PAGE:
An eight-year-old Mumbai actor who plays a significant part in the film Lion starring Dev Patel and Nicole Kidman will likely miss the U.S. premiere of his own movie.
In the film, Sunny Pawar portrays the younger version of main character Saroo Bierley, a lost Kolkata boy who survives extreme circumstances (Patel plays the elder version of the character). It's not a totally fictional movie; Bierley, a businessman, wrote the unflinching book about his personal history that the film was based on, A Long Way Home, which tells the story of the Australian couple who adopted him and his reunion with his birth mother.
The U.S. consulate in Mumbai denied the visa Pawar needed to travel to America for the film's premiere twice without offering an explanation, according to the film's distributor, the Weinstein Company.
Sunny's father Dilap Pawar explained the process in a statement to TIME.
"We have been back and forth to the embassy many times and have not yet been able to get our Visas," Dilap told TIME in an email.
The family and the Weinstein Company say they began the process of arranging for young Pawar to travel to the U.S. to promote the film at least one month ago. After the first interview process last week at the U.S. Consulate, which included Pawar's father, the family was disappointed to learn Sunny was denied entry, but not deterred. (The Weinstein Company said they also offered the embassy a letter outlining the specifics of his temporary visit, proposing that his father and a guardian who speaks both Hindi and English would accompany Pawar.)
By the second interview Thursday morning, Pawar was still excited about the prospect of making the trip to participate in the promotional efforts for the movie, which opens Nov. 25. But now it doesn't look like that will be possible. On Thursday, the visa officer requested an additional itinerary, adding "we are trying are best to get you to the United States as soon as possible. Congratulations Sunny! on the success of your film." But the office will be closed to honor Veteran's Day Friday, and Sunny will likely miss his chance to attend.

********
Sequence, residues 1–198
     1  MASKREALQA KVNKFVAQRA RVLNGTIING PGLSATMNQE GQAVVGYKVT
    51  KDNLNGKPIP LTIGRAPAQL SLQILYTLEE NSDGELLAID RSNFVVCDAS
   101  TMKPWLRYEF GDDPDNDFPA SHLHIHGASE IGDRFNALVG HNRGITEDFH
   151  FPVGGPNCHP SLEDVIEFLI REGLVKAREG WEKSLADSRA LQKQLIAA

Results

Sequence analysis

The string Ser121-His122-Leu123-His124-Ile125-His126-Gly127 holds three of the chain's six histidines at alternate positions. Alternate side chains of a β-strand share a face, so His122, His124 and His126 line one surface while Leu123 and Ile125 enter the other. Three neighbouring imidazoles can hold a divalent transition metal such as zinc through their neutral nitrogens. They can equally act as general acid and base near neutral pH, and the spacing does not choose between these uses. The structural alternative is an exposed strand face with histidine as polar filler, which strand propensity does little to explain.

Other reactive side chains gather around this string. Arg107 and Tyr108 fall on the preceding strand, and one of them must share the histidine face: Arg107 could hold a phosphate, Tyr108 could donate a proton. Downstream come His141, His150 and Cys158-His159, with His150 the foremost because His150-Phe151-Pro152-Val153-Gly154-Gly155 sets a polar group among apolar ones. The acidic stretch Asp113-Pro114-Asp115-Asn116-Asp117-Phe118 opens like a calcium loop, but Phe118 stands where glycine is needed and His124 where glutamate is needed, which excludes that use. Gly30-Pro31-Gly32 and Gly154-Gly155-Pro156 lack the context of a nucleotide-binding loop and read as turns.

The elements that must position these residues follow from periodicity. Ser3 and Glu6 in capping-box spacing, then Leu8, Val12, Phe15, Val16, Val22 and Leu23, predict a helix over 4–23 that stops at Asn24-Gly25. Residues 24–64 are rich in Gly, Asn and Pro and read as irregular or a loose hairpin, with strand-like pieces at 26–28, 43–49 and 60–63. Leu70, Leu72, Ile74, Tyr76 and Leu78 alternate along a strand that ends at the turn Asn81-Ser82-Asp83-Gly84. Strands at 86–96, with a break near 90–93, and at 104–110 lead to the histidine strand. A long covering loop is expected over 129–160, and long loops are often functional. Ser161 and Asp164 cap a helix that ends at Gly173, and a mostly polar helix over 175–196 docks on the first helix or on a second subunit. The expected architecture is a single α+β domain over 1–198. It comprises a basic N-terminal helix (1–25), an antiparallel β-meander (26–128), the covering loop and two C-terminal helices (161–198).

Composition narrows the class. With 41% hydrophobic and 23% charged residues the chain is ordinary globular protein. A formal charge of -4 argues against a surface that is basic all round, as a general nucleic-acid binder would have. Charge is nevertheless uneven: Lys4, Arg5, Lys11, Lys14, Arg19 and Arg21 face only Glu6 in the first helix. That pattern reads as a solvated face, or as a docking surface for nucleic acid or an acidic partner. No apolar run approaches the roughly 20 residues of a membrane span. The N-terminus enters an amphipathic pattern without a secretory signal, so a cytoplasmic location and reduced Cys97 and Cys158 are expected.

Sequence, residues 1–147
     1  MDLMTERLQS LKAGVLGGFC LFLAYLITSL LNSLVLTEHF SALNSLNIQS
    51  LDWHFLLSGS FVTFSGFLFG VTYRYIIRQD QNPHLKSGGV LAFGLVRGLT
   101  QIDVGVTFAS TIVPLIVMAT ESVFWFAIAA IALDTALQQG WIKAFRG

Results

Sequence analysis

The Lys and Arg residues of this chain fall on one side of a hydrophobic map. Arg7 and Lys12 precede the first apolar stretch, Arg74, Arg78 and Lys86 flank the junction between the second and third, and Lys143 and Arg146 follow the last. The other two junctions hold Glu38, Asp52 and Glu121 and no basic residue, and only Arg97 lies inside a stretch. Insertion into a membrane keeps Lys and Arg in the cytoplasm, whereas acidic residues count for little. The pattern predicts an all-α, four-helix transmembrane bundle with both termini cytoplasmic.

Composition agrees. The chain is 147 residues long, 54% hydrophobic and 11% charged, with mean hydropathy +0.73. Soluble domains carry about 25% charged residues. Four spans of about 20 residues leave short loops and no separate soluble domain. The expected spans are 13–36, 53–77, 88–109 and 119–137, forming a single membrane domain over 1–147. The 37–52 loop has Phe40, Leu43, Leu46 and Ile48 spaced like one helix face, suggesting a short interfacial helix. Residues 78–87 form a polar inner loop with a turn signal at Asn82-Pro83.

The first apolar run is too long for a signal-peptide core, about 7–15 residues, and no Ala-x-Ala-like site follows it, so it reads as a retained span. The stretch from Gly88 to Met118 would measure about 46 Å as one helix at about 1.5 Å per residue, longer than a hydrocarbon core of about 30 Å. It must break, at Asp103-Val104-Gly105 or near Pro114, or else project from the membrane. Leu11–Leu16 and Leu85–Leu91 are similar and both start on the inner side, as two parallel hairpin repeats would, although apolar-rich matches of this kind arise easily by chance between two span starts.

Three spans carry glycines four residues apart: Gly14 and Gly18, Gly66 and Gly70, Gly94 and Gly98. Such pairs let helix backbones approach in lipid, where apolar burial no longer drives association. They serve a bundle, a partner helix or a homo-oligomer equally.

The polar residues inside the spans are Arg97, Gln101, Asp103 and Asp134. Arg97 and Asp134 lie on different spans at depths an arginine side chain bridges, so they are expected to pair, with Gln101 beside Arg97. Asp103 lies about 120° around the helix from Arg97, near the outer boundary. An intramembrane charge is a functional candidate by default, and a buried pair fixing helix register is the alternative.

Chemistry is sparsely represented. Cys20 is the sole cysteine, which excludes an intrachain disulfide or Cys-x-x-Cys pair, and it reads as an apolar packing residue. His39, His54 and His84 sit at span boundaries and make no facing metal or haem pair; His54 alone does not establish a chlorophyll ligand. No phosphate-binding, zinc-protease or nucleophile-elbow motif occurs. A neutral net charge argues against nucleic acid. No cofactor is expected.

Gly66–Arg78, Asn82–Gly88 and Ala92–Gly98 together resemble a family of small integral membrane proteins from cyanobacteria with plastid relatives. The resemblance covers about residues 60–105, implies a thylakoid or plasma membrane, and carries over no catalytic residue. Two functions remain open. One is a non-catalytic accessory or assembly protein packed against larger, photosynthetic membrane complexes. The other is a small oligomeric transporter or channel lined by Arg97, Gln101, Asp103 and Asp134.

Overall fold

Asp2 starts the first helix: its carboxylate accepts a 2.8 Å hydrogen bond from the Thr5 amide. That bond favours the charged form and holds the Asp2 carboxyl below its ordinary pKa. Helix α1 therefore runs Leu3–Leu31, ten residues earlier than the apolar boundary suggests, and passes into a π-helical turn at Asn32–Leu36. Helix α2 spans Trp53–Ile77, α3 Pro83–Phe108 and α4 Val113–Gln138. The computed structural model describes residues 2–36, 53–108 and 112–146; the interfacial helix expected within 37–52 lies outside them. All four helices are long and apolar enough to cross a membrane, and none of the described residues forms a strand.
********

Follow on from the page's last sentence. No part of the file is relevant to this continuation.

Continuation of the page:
"It doesn't look like we will make it in time for the Los Angeles premiere," Pawar added in his statement. "Me and Sunny are very disappointed. I know it will bring him such joy to see the movie and see his friends from the cast. We hope we can make it there soon - we will do whatever we can."
Weinstein has worked with attorney David Boies on this effort. "Lion is a true story of love, inclusiveness, and human commitment unbounded by race, religion, or ethnicity,” Boies said in a statement. “The government’s preventing the 8-year-old star of that movie from visiting this country shows how much we need to be reminded that those are our nation’s core values.”
Nicole Quenqua, head of publicity at the Weinstein company, said: "His performance is heart-shattering, and we want him to be a part of this. He's never even seen his little face on the humongous movie screen or seen the reaction to his work. We’ve been promoting the film without him and it feels very incomplete."
Quenqua added that Pawar currently lives in a modest home and that the distributor's producers created an annual fund for him. They've also helped him to start learning English since filming began.
"This just puts a spotlight on how unfair and difficult the world has become because he's just an 8-year-old boy," Quenqua told TIME.
The U.S. consulate in Mumbai did not respond to a request for comment for this story.
UPDATE: Sunny Pawar's Visa was eventually expedited and approved. He was able to attend the New York City premiere on Wednesday, Nov. 16th.